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Across Latin American history, soccer rivalries -- spanning national borders and neighborhood boundaries -- have had an outsize influence on politics and identity. As Brazil prepares to host the 20th FIFA World Cup, we explore how the "beautiful game" arrived in South and Central America.
Why do soccer fans in Latin America take the sport so seriously?
Brazilian scholars have described soccer as their country's "secular religion." The dominant countries of South American soccer all have national styles of play: Argentina has "la nuestra," Brazil has "futebol arte,"and Uruguay has the "garra charrua"—tactics and movements that are said to reflect the countries' unique histories of trade and immigration. El Salvador and Honduras once went to war after a highly-contested World Cup qualifier, a conflict known as the "Football War".
In his new book, author Joshua Nadel says the key to understanding the passion of Latin American soccer is history:
"It arrived ... in late 1800s, just as the countries of the region were beginning to consolidate themselves as modern nations. Massive immigration from Europe altered the demography and with it some of the “traditional” social norms. Immigrants helped to grow the popularity of soccer, just as the sport aided in integrating new populations into the nation. New constitutions offered new rights. Men and women, people from all social classes, agitated for more inclusive notions of citizenship, in so doing changing Latin American self-perception. Many of these changes were intended to make Latin America look more like Europe, both socially and culturally. At the time, national leaders in the region tried to superimpose a modern European mentality in their nations. These ideas were supposed to life the countries of the region ... and they revealed something of an inferiority complex in the region ...
Soccer and county became fused in the minds of many so that sport came to embody the nation. As a result, modern Latin American nations and soccer grew and evolved together. Soccer clubs and stadiums acted as spaces where Latin American societies could grapple with the complexities of nationhood, citizenship, politics, gender and race.
Many of these national myths and narratives will be on display when play begins in the 20th FIFA World Cup next month, especially for the "big three" of Latin American soccer: host Brazil, Argentina and Uruguay.
The Brazilian team will be under intense pressure, not just to win the competition, but to do so in a style that reflects the ethos of "Futebol Arte." Nadel says the idea of a Brazilian soccer style can be traced to the 1930s, a period of time also ripe with debate about racial integration and the country's African roots. After a strong showing in the 1938 World Cup:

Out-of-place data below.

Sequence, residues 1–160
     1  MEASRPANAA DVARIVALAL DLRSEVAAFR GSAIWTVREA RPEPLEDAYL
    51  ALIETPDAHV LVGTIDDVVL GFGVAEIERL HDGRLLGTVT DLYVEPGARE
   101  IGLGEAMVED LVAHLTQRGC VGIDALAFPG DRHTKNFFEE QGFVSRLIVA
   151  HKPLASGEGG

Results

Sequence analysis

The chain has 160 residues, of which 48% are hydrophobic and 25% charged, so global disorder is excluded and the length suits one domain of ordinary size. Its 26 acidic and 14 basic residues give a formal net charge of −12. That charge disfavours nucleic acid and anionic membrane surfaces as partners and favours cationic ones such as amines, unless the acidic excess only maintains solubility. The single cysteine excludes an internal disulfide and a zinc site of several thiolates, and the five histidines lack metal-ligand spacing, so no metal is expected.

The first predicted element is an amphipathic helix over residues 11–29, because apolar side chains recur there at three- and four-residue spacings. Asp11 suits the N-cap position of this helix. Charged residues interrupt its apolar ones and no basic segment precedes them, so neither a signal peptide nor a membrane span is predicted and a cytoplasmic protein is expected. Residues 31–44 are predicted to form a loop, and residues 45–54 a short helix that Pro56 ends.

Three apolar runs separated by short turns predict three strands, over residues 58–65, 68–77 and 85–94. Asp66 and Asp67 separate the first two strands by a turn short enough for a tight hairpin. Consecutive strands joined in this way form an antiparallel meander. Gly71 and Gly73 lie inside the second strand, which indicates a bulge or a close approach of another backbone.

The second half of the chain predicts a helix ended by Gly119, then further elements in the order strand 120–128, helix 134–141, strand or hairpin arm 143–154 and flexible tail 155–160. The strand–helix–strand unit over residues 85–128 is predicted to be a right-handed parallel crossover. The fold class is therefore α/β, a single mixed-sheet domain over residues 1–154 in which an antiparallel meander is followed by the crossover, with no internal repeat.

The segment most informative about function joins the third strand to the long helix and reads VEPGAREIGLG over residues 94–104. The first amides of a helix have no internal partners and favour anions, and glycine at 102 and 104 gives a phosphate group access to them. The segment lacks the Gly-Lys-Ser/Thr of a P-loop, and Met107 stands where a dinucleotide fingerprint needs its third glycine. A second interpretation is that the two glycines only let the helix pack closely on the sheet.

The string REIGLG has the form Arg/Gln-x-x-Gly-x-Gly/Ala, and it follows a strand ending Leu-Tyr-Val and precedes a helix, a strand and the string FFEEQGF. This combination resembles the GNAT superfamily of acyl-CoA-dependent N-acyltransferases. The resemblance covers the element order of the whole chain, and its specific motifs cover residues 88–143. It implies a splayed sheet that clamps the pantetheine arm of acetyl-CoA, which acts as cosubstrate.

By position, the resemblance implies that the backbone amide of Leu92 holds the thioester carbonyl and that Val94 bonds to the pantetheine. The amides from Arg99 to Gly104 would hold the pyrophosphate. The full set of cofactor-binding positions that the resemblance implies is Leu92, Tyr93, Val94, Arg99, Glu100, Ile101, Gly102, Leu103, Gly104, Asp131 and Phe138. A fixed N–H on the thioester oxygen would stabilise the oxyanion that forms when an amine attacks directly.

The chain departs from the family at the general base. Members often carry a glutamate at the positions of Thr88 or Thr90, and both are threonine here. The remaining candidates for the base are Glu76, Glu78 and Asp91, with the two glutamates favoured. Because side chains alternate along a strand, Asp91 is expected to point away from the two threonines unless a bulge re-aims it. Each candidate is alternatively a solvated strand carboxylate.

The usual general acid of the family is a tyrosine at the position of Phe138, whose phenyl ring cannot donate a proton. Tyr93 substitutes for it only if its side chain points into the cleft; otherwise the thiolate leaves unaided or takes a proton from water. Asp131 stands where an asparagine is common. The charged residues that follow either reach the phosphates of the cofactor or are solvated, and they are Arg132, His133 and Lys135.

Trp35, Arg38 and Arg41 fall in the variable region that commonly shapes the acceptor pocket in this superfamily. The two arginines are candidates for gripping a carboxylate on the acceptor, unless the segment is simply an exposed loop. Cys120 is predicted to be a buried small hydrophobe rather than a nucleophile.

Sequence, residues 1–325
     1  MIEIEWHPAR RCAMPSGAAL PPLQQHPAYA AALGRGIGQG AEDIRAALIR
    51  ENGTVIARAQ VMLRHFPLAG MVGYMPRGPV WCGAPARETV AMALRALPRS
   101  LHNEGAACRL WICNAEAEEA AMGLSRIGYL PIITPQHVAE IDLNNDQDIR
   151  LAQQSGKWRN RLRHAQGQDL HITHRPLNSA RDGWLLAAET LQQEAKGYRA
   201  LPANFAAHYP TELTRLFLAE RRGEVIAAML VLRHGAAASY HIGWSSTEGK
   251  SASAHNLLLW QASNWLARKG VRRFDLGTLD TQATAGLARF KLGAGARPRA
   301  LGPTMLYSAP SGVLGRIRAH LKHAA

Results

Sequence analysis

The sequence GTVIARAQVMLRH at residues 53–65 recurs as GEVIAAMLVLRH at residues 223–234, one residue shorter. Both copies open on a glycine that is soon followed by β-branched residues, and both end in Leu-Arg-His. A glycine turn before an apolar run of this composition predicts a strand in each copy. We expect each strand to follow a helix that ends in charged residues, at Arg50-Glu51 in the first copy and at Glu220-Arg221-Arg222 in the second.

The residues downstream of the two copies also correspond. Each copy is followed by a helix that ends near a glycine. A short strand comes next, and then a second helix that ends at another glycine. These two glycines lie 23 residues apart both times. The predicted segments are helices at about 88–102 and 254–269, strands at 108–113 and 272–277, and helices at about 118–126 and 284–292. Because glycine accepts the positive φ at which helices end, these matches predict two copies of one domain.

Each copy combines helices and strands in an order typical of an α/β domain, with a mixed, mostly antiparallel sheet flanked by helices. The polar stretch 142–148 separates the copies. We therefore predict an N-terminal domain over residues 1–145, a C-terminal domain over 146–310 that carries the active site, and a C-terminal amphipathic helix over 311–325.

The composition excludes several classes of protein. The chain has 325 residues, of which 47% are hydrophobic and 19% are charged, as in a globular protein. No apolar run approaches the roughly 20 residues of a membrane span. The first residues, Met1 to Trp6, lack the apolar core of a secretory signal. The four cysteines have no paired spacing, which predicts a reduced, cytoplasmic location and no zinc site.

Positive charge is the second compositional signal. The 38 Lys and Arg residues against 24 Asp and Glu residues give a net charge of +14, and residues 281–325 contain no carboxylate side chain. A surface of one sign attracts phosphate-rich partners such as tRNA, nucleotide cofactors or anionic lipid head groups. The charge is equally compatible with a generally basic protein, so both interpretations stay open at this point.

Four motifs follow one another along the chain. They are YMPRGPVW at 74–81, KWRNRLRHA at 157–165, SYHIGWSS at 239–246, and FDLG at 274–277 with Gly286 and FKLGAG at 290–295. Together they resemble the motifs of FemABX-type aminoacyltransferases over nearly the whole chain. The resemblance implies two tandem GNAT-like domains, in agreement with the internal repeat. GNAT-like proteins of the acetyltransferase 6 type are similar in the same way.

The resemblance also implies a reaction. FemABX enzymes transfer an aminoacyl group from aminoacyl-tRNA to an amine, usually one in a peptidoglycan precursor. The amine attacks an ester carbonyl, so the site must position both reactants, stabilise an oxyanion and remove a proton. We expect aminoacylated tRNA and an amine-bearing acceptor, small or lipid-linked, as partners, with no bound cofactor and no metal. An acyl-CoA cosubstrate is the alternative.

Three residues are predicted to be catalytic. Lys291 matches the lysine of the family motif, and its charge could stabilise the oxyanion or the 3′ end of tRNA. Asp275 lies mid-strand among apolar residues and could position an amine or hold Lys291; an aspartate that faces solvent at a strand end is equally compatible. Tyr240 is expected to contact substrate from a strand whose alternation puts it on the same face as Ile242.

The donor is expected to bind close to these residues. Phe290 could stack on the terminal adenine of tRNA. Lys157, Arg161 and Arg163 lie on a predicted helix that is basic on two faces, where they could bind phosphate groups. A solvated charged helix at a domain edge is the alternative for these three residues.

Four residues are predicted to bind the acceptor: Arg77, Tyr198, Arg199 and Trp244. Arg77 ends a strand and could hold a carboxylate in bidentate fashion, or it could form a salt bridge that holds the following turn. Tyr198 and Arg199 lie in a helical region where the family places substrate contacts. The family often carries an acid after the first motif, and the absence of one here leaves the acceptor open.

"Brazilian and foreign commentators noted that Brazil not only played well but also played a unique brand of soccer never before seen on the field of Europe. It was, they said, a distinctly Brazilian style based largely on the play of Brazilians of African descent. According to one of Brazil's most important intellectuals of the twentieth century, Gilberto Freyre, the team played a mulatto football. "Brazilians," Freyre suggested, played soccer, "as if it were a dance."
During this period, words like "cunning, art, musicality, ginga (swing), and spontaneity" became attached to the Brazilian game.
While these racial stereotypes served to project a mostly positive vision of multiculturalism, they cut both ways. Indeed, Afro-Brazilian players were scapegoated for failures by the national team, which were attributed to their lack of organization and focus.
The most infamous game in Brazilian soccer history—known as "The Marcanazo"—took place on July 15, 1950. Brazil lost the World Cup final to Uruguay at home . The loss, paired with a similarly disappointing showing in 1954's World Cup, prompted rounds of national soul-searching.
It was not until 1958, when a young Afro-Brazilian star named Pele led Brazil to a world championship and global fame, that the ghosts of 1950 were "laid to rest" in Brazil. But the Maracanzo remains a potent symbol for Brazilian and Uruguayan soccer fans alike.
In 2014, soccer will once again return to the Estadio do Maracana in Rio de Janeiro, the grounds of the 1950 loss. In advance of the tournament, Uruguay sponsor Puma poked fun at the superstition in this new commercial , "El Fantasma del 50 Ya Esta En Brasil."
Excerpted from Fútbol!: Why Soccer Matters in Latin America. Copyright © 2014 by Joshua Nadel and reprinted with permission of University Press of Florida. All Rights Reserved.